53. 53.

    Burnett, R. T. et al. An integrated risk function for estimating the global burden of disease attributable to ambient fine particulate matter exposure. Environ. Health Perspect. 122, 397–403 (2014).

  54. 54.

    Jerrett, M. et al. Long-term ozone exposure and mortality. N. Engl. J. Med. 360, 1085–1095 (2009).

  55. 55.

    Lim, S. S. et al. A comparative risk assessment of burden of disease and injury attributable to 67 risk factors and risk factor clusters in 21 regions, 1990–2010: a systematic analysis for the Global Burden of Disease Study 2010. The Lancet 380, 2224–2260 (2012).

  56. 56.

    Global Energy Assessment — Toward a Sustainable Future (Cambridge Univ. Press, Cambridge, International Institute for Applied Systems Analysis, Laxenburg, 2012).

  57. 57.

    Department of Economic and Social Affairs, Population Division World Population Prospects: The 2008 Revision, Highlights Working Paper No. ESA/P/WP.210 (United Nations, New York, 2009).

  58. 58.

    Forouzanfar, M. H. et al. Global, regional, and national comparative risk assessment of 79 behavioural, environmental and occupational, and metabolic risks or clusters of risks in 188 countries, 1990–2013: a systematic analysis for the Global Burden of Disease Study 2013. Lancet 386, 2287–2323 (2015).

  59. 59.

    Malley, C. S. et al. Updated global estimates of respiratory mortality in adults ≥30 years of age attributable to long-term ozone exposure. Environ. Health Perspect. (2017).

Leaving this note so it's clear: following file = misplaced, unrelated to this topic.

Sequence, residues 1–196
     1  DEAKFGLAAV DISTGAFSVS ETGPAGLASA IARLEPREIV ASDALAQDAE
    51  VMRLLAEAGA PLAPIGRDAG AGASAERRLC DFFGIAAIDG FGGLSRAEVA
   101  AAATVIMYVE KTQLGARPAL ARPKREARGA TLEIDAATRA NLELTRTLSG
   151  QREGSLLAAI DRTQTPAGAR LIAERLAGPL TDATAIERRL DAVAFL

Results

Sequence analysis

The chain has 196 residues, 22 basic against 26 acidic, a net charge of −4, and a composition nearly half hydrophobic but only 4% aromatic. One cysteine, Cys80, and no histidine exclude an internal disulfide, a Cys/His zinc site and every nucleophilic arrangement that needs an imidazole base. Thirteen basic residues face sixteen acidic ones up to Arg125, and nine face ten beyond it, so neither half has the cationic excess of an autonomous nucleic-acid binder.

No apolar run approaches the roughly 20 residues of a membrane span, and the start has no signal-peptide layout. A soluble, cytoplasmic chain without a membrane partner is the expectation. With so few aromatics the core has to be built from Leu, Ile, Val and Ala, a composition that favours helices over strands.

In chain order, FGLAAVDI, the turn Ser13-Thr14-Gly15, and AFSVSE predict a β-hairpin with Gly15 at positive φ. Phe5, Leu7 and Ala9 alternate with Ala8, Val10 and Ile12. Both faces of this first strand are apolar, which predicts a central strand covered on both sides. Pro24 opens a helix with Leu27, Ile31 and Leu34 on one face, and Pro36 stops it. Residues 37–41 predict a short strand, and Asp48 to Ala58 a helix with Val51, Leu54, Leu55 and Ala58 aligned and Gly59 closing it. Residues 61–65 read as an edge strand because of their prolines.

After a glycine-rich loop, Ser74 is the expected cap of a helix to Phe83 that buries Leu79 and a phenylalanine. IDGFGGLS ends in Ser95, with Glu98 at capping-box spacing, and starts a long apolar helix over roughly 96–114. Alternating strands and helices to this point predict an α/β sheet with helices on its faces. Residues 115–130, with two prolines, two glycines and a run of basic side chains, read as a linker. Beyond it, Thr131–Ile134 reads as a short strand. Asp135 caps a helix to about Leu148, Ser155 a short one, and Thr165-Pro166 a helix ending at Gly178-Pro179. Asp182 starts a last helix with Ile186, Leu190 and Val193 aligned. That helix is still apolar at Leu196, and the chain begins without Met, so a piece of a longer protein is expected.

60. 60.

    Turner, M. C. et al. Long-term ozone exposure and mortality in a large prospective study. Am. J. Respir. Crit. Care Med. 193, 1134–1142 (2016).

  61. 61.

    Evans, J. et al. Estimates of global mortality attributable to particulate air pollution using satellite imagery. Environ. Res. 120, 33–42 (2013).

  62. 62.

    Silva, R. A., Adelman, Z., Fry, M. M. & West, J. J. The impact of individual anthropogenic emissions sectors on the global burden of human mortality due to ambient air pollution. Environ. Health Perspect. 124, 1776–1784 (2016).

  63. 63.

    Krewski, D. et al. Extended follow-up and spatial analysis of the American Cancer Society study linking particulate air pollution and mortality. Res. Rep. Health Eff. Inst. 140, 5–114 (2009).

  64. 64.

    Anenberg, S. C., Horowitz, L. W., Tong, D. Q. & West, J. J. An estimate of the gobal burden of anthropogenic ozone and fine particulate matter on premature human mortality using atmospheric modeling. Environ. Health Perspect. 118, 1189–1195 (2010).

  65. 65.

    Wang, X. & Mauzerall, D. L. Characterizing distributions of surface ozone and its impact on grain production in China, Japan and South Korea: 1990 and 2020. Atmos. Environ 38, 4383–4402 (2004).

  66. 66.

    Adams, R. M., Glyer, J. D., Johnson, S. L. & McCarl, B. A. A reassessment of the economic effects of ozone on U.S. agriculture. JAPCA 39, 960–968 (1989).

  67. 67.

    Van Dingenen, R. et al. The global impact of ozone on agricultural crop yields under current and future air quality legislation. Atmos. Environ. 43, 604–618 (2009).

  68. 68.